He gave an example of a technology-led initiative at Affinity that showed how non-execs can use influence.

“Affinity’s digital transformation was centred around creating a digital twin of the organisation. This creates a simulation of the business that captures and emulates what happens in real time. So, for example, instead of customers telling us about leaks, the digital twin alerts us using information from the water network via pressure sensors and uses AI to model and anticipate future issues.
 
“It has transformed our service, massively improving our responsiveness and productivity,” Trevor said.
 
Set up by the Chief Information Officer, the digital twin initially lacked visibility in the organisation. “As Board members, that's one thing that we can really do – help empower the experts. Technology is one of those areas with clear opportunities, where the Board can encourage innovation and collaboration, giving it the oxygen it deserves. Our CIO now sits on the Executive Board reporting to the Chief Executive and is adding real value.
 
“It’s about drawing the attention of the executives in a way that isn’t intrusive but demonstrates that the Board is behind innovation and ideas. The level of understanding is growing but I think Board members still need to find further ways of understanding what technology can do,” he said.
 
The discussion turned to whether digital experts were now crucial for Boards. Martin thought it was more to do with having the right people in the room who would realise digital would create value if done the right way. “Having a digital evangelist can work but it can also get quite tiring. The digital agenda is best posed by people that really understand what it can do, so they bring different experiences, but have a balanced view about how it might be deployed,” he said.
 
 
Digitising the workforce

Devyani Vaishampayan, NED at the British Quality Foundation and a Criticaleye Board Mentor, highlighted how digitisation is a key part of the people agenda too. “Hybrid workforces are here to stay and that is fundamental to an organisation. You must ask how you are going to engage those people and how you are going to retain your culture.”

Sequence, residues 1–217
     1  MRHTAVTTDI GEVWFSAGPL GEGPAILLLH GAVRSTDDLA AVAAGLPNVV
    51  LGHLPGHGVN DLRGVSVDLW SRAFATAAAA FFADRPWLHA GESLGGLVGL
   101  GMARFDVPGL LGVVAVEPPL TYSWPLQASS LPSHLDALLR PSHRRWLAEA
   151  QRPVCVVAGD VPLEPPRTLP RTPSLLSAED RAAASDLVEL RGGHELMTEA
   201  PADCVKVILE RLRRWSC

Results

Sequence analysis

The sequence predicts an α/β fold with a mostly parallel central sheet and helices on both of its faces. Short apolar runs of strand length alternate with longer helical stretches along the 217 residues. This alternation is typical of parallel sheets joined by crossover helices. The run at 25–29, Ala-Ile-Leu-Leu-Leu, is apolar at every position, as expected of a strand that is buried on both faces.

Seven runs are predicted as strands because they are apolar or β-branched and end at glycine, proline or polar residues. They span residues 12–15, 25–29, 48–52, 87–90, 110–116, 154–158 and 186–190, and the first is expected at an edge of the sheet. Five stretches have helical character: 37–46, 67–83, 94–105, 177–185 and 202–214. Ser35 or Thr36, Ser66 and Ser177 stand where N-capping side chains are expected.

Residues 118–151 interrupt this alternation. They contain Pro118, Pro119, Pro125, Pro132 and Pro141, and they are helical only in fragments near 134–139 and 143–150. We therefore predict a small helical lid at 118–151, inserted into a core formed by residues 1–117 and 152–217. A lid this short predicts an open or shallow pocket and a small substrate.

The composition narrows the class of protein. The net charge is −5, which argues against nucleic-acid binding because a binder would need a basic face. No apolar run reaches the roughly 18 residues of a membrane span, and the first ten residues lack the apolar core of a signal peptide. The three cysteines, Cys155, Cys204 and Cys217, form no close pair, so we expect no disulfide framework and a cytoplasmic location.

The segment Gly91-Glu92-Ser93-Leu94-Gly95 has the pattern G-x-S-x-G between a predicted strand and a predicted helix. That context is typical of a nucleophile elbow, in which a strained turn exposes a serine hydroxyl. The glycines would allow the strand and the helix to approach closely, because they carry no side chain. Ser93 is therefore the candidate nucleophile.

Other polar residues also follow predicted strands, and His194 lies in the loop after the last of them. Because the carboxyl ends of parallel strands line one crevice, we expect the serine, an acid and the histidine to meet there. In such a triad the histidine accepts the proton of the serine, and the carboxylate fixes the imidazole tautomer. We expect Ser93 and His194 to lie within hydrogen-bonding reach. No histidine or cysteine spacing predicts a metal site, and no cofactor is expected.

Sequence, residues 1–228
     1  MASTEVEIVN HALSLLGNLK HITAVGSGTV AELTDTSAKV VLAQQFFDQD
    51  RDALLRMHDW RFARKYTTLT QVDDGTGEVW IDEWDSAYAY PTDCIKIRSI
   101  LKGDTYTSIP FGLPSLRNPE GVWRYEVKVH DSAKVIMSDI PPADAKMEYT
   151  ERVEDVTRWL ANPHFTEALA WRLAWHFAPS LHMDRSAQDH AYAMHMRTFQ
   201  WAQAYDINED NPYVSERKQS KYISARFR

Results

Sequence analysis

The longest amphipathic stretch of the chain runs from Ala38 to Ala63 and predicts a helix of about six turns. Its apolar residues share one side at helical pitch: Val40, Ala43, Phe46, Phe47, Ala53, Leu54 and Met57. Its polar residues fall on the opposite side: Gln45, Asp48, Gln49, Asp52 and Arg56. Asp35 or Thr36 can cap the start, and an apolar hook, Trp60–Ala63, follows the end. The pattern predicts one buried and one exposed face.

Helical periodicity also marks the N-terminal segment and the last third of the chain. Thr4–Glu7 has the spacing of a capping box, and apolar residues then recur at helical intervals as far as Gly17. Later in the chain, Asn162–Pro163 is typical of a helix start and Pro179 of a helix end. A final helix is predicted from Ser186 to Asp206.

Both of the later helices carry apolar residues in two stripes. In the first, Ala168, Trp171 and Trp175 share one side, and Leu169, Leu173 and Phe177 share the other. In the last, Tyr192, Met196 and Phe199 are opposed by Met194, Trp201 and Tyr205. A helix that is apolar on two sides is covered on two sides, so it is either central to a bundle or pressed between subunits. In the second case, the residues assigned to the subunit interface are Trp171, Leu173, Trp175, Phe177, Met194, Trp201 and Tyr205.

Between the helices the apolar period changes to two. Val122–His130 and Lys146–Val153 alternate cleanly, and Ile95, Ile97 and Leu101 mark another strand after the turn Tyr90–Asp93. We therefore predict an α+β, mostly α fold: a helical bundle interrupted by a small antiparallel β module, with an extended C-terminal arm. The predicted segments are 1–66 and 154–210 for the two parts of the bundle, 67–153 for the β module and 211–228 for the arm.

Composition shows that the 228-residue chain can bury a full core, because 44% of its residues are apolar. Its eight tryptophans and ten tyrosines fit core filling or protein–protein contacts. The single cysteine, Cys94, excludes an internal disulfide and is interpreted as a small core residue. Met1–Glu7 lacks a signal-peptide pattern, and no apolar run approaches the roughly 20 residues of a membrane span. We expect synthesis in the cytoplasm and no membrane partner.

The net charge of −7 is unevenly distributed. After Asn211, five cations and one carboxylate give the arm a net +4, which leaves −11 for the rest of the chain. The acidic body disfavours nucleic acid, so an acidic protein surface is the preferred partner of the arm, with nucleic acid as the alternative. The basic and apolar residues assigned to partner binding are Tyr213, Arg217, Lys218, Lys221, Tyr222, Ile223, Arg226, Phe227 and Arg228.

She continued: “The use of digital solutions to facilitate remote-team management, ensure wellness and improve productivity is getting to be an increasingly important agenda item for Boards. It’s not just to do with automation. Now it is about the ability to have real-time data which makes a huge difference when employees are going through uncertainty and rapid change.” 
 
Devyani said it is about personalisation and having a “Netflix approach” when it comes to learning and upskilling. “That puts [employees] in charge of their own development. But, most importantly it’s about predictive insights and the technology around these is improving and is available in a highly cost-effective manner.”
 
In conclusion, Martin stressed the role of the changing workforce for business success. “Digitisation is not a panacea, it's an enabler. The difference between the winners and the losers over the next five years will be about those companies that are truly imaginative about how they harness the energy of their workforces to get digitisation done better than their competitors,” he said.


David Hobbs, Senior Editor, Criticaleye